This icon was written in 1425–27 by the Russian monk Andrey Rublyov. The scene is traditionally referred to in the East as the Epitaphios, or Lamentation over the Grave. The body of Jesus, laid flat on the tomb, is surrounded by a group of lamenting disciples, separated in the middle by the axis of the cross: to the right, Joseph of Arimathea, John the Apostle, and Nicodemus are bending over Jesus’s remains—the latter two reverently kissing them; to the left Mary, the mother, is silently holding his head and tenderly pressing her face against his, while in the background three women seem to be crying aloud in despair.
This group of seven disciples stands for the entire Church, organized, as it were, along two foundational axes: the horizontal axis of Jesus’s body, and the vertical axis of the cross. The Church is the ‘Body of Christ’ inasmuch as all its individual members orbit around the body of Jesus, and are assigned a function defined by their respective relationship to Jesus’s body parts. To Nicodemus, the hidden disciple, is assigned the most hidden part of Jesus’s body, the foot; to John, the priest, is assigned the very hand that held the bread and wine at the Last Supper; to the mother, Mary, is assigned the head, which first came out of her womb.
Besides Jesus and Mary, John is the only one whose head is surrounded by a halo, which singles out the ‘trinity’ formed by these three characters. Face to face, Jesus and Mary are represented in a loving, intimate embrace that is the beating heart of this icon. John’s gaze points exactly in that direction, as if enraptured by the mystery of their union. The Epitaphios is not about death, it is about life: the living tree of the Church stems from the ‘bond of peace’ (Ephesians 4:3) between the New Adam and the New Eve.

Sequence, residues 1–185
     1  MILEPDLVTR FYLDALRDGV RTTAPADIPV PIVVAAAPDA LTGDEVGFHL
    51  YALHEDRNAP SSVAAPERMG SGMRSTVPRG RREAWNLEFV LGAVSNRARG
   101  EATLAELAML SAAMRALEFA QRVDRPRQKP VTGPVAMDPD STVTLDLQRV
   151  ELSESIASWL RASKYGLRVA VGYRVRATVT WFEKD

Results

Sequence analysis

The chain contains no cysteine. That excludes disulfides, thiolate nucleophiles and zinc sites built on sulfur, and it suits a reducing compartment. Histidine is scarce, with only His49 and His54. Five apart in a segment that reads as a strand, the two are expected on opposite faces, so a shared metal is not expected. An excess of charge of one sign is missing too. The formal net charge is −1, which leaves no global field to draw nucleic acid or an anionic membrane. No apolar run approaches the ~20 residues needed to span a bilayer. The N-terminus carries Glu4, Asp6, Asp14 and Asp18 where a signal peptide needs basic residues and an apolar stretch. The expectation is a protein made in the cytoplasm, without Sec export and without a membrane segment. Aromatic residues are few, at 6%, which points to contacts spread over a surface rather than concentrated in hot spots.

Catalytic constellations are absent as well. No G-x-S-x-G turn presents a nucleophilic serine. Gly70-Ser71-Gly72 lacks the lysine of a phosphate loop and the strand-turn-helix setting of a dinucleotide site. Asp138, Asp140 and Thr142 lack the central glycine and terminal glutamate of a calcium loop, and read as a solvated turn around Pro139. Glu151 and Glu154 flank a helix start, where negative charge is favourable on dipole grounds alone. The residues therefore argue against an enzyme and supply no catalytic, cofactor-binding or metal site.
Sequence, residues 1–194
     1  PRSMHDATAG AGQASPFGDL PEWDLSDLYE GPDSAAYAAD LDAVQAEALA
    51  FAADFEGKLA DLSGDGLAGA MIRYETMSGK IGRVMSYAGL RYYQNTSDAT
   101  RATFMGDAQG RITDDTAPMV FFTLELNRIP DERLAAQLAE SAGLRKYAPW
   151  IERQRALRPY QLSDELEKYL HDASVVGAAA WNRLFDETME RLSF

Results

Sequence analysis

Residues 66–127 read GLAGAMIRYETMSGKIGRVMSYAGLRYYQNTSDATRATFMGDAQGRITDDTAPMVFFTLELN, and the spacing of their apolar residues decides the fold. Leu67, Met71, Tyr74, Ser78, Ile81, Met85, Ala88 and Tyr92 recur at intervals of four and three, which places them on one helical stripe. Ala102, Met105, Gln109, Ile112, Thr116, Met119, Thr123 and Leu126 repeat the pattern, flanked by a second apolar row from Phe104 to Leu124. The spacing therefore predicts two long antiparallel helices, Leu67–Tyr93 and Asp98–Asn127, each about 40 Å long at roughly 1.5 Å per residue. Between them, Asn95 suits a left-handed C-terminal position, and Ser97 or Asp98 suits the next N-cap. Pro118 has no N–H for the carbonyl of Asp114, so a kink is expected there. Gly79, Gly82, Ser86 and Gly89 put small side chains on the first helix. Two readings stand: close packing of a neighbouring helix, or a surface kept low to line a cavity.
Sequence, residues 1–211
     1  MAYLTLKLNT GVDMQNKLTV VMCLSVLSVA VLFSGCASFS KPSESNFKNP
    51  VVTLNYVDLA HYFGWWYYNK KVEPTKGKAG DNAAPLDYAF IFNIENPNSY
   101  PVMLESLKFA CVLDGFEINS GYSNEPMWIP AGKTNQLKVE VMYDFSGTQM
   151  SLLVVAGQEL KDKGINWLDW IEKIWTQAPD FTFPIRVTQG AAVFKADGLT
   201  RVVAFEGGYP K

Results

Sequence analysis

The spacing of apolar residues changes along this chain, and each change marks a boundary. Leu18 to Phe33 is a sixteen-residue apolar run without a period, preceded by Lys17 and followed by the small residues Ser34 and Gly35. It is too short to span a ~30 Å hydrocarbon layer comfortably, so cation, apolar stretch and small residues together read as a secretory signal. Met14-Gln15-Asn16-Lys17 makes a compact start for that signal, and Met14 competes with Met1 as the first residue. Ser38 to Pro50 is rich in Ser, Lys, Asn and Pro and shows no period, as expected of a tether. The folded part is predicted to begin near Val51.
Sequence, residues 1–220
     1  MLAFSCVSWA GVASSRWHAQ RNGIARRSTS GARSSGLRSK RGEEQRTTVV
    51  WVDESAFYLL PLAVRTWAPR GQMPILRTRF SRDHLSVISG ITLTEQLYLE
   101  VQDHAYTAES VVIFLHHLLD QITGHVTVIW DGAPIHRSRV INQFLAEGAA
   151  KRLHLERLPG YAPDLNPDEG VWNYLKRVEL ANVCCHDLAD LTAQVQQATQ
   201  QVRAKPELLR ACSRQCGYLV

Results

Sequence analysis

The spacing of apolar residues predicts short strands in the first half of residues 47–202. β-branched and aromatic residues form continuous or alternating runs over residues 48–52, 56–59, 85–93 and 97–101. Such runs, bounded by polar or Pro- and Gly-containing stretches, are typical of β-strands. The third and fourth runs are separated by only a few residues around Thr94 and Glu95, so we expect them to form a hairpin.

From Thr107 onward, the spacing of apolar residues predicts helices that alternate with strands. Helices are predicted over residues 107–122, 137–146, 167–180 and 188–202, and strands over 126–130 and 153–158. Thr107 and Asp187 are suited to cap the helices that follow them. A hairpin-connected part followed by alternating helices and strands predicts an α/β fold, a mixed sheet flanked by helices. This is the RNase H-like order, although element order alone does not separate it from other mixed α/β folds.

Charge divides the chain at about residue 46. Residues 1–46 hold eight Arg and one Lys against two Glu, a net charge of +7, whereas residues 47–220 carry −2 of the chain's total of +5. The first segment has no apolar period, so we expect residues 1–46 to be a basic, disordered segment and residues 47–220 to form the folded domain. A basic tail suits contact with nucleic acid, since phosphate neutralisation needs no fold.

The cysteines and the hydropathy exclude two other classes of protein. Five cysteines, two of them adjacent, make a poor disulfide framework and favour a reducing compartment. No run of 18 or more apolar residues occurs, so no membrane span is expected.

4 I therefore, a prisoner for the Lord, beg you to lead a life worthy of the calling to which you have been called, 2with all lowliness and meekness, with patience, forbearing one another in love, 3eager to maintain the unity of the Spirit in the bond of peace. 4There is one body and one Spirit, just as you were called to the one hope that belongs to your call, 5one Lord, one faith, one baptism, 6one God and Father of us all, who is above all and through all and in all. 7But grace was given to each of us according to the measure of Christ’s gift. 8Therefore it is said,
“When he ascended on high he led a host of captives,
and he gave gifts to men.”
9(In saying, “He ascended,” what does it mean but that he had also descended into the lower parts of the earth? 10He who descended is he who also ascended far above all the heavens, that he might fill all things.) 11And his gifts were that some should be apostles, some prophets, some evangelists, some pastors and teachers, 12to equip the saints for the work of ministry, for building up the body of Christ, 13until we all attain to the unity of the faith and of the knowledge of the Son of God, to mature manhood, to the measure of the stature of the fulness of Christ; 14so that we may no longer be children, tossed to and fro and carried about with every wind of doctrine, by the cunning of men, by their craftiness in deceitful wiles. 15Rather, speaking the truth in love, we are to grow up in every way into him who is the head, into Christ, 16from whom the whole body, joined and knit together by every joint with which it is supplied, when each part is working properly, makes bodily growth and upbuilds itself in love.